Offering all the isolation an author could crave, Romanian prison cells have proved a rich seam for the literary lag.
Once sentenced, dozens of detainees – mostly corrupt businessmen and politicians – have discovered their inner author and written a series of papers on subjects ranging from science to Romanian royalty to football. In return, they have been released ahead of schedule.
In one of the lesser known loopholes of the law, judges can allow up to 30 days to be knocked off a sentence per paper or book published. Now a group of Romanian senators have launched campaign to amend the loophole, arguing that criminals are paying “ghost writers” to produce the books and receiving greatly reduced sentences.
A former prime minister, a TV mogul and a football club owner are among those who have had their sentences reduced, the Associated Press reported. Senator Valeriu Tudoriscu told the Mediafax news agency the law helped senior figures convicted of corruption “return quicker to their wealth obtained through theft”.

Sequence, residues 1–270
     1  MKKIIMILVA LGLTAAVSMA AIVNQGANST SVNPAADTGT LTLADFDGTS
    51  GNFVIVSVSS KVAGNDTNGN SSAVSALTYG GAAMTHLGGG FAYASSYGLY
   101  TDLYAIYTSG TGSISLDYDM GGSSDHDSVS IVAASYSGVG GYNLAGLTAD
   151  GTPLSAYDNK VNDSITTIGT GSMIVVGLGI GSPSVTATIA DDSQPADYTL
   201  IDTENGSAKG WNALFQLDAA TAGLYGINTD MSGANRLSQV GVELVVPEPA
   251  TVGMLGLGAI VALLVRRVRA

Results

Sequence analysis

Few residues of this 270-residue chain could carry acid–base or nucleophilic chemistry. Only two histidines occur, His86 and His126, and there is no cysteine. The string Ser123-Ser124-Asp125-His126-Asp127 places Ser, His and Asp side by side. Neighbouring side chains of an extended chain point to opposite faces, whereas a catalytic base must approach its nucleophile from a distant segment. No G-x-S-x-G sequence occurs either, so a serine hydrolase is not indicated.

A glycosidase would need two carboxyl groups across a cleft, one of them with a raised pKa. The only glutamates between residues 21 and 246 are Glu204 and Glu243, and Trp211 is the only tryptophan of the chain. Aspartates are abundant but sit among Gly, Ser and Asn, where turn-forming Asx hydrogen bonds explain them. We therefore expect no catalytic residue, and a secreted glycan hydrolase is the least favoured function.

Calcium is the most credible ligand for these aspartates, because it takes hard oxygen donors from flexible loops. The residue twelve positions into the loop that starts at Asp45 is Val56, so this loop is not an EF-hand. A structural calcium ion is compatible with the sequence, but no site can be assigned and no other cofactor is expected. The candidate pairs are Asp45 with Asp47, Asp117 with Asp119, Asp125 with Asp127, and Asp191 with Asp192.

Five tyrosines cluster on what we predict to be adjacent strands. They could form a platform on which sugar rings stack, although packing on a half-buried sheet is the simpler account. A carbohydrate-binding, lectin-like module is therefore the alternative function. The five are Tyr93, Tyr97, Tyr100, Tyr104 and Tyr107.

According to the Romanian National Penitentiaries Administration, there were more than 400 books published by 188 detainees between 2013 and 2015. Dan Voiculescu, one of Romania’s richest men and owner of several television stations, was sentenced to 10 years in prison in August 2014 for corruption. Since then, he has reportedly written eight scientific papers from prison.
In April 2015, Romanian businessman Gheorghe Copos, who was serving four years in prison, was accused of plagiarism in relation to a book he reportedly wrote, titled Matrimonial Alliances as a Policy of Romanian Kings in the XIV-XVIth Centuries. He has since been released.
Gigi Becali , the controversial owner of Steaua Bucharest football club, reduced his stay in prison by writing two books, one of which was about his relationship with the football team he owns, while former politician Nicolae Vasilescu has allegedly written nine books since 2014 and jailed businessman Dinel Staicu has had seven titles published in a similar period.
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